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Alcohol consumption can lead to chronic pain

A new study led by Scripps Research has found that chronic alcohol consumption can make people more sensitive to pain through two different molecular mechanisms – one related to alcohol intake and the other to alcohol withdrawal. These findings could help develop new treatments for alcohol-associated chronic pain and hypersensitivity.

“There is an urgent need to better understand the two-way street between chronic pain and alcohol dependence,” said senior author Marisa Roberto, a professor of Molecular Medicine and Neuroscience at Scripps. “Pain is both a widespread symptom in patients suffering from alcohol dependence, as well as a reason why people are driven to drink again.”

Alcohol use disorder (AUD) encompasses various conditions such as alcohol abuse and alcohol addiction and affects over 29.5 million people in the United States. Extended alcohol use can trigger a variety of chronic diseases, including cardiovascular disease, liver disease, and certain cancers. Moreover, over half of people with AUD struggle with persistent pain of some type, such as alcoholic neuropathy, in which nerve damage causes chronic pain.

Previous research has found that AUD is linked to changes in how the brain processes pain signals and how the activation of immune responses occurs. In addition, during withdrawal, people with AUD often experience a condition called allodynia, in which harmless stimuli are perceived as painful.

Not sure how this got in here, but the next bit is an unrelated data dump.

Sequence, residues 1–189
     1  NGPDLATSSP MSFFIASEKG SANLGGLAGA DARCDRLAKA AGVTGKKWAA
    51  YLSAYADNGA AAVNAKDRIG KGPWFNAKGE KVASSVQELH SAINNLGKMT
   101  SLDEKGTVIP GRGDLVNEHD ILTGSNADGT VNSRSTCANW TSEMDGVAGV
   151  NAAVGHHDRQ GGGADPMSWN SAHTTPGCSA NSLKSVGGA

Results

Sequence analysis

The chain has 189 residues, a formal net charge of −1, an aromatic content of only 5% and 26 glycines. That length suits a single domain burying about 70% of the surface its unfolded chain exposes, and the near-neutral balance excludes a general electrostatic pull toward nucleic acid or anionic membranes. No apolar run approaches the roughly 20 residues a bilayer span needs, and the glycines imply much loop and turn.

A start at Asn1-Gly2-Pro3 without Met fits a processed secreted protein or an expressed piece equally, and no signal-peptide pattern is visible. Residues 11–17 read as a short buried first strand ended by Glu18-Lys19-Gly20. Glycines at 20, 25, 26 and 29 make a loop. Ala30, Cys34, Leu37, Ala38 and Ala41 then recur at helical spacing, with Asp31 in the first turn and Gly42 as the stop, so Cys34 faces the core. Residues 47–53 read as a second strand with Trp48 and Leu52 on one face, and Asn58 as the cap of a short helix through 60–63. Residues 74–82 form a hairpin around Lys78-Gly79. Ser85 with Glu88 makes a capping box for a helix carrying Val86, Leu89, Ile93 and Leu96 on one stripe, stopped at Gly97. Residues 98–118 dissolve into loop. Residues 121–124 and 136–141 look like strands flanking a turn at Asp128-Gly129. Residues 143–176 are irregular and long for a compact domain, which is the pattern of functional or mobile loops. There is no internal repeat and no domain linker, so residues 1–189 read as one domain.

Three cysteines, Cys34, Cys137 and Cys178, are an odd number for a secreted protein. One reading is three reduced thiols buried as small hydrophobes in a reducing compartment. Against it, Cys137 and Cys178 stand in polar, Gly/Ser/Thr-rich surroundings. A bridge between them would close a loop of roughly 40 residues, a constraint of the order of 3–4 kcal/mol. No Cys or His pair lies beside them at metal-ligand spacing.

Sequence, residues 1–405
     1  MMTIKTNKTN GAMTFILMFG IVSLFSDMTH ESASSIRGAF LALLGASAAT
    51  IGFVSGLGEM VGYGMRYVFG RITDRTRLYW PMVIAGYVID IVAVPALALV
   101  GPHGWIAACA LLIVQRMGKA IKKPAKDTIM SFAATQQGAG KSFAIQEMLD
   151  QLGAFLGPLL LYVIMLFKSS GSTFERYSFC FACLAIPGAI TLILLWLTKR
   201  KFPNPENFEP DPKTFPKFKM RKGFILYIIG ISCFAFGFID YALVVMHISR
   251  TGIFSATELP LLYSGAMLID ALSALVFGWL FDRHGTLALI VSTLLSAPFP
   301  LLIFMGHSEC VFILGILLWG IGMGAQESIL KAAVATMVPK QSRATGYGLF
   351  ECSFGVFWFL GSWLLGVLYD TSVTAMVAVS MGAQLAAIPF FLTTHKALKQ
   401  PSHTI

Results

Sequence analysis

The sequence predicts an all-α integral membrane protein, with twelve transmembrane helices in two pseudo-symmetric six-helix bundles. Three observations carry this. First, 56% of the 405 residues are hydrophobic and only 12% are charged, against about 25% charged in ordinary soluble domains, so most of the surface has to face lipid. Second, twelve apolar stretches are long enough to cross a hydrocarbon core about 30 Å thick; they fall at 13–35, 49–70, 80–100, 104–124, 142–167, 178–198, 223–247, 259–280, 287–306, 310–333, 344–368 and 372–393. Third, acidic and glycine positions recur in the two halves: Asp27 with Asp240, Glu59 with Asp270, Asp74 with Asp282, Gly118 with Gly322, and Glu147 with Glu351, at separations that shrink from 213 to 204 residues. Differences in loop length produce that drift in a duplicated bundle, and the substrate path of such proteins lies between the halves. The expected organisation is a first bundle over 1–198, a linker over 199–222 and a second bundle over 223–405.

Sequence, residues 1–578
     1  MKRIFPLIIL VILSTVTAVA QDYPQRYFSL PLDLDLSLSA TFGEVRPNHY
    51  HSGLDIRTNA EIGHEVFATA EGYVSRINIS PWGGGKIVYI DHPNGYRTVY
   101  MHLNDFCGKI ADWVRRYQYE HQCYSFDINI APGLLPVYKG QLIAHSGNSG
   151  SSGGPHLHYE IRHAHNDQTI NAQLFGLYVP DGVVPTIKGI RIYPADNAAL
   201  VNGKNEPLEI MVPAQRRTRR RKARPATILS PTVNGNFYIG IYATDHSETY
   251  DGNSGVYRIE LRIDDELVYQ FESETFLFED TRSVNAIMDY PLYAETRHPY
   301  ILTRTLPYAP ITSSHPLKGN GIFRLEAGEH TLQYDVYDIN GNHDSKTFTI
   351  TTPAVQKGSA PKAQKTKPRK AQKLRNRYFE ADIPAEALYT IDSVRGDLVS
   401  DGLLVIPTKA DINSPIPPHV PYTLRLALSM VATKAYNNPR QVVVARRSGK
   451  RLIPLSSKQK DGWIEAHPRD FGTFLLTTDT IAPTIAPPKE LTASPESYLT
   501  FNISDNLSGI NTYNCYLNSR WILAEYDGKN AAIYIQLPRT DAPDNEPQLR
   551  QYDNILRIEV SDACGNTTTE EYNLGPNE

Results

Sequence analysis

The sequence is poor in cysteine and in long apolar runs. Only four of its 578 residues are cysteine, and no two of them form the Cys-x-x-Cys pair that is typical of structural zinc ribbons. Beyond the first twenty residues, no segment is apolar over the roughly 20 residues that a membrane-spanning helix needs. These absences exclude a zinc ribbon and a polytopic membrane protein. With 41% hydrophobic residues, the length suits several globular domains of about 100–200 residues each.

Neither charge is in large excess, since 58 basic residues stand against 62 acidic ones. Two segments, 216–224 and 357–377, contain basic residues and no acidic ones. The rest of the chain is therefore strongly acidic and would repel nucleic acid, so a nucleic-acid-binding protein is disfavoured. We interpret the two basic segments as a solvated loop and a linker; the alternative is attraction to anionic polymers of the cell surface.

To clarify the underlying causes of these various types of alcohol-related pain, the experts conducted a series of experiments on three groups of mice: alcohol-dependent mice (excessive drinkers), mice that had limited access to alcohol and were not considered dependent (moderate drinkers), and mice that had never consumed alcohol.

The experiments revealed that, in dependent mice, allodynia developed during withdrawal, but subsequent alcohol consumption significantly lowered pain sensitivity. Nearly half of the mice which were not dependent also exhibited increased pain sensitivity during alcohol withdrawal, but unlike their dependent counterparts, this neuropathy was not reversed by re-exposure to alcohol.

By measuring levels of inflammatory proteins in the mice, the researchers found that, although inflammation pathways were elevated in both dependent and non-dependent animals, certain molecules were only increased in the first group, suggesting that different molecular mechanisms may trigger the two types of pain. These findings may clarify which inflammatory proteins could be useful as drug targets to combat alcohol-related pain.

“These two types of pain vary greatly, which is why it is important to be able to distinguish between them and develop different ways to treat each type,” explained lead author Vittoria Borgonetti, a postdoctoral fellow in Molecular and Cellular Neuroscience at Scripps.

“Our goal is to unveil new potential molecular targets that can be used to distinguish these types of pain and potentially be used in the future for the development of therapies,” concluded co-senior author Nicoletta Galeotti, an associate professor of Preclinical Pharmacology at the University of Florence.

The study is published in the British Journal of Pharmacology.

By Andrei Ionescu, Staff Writer

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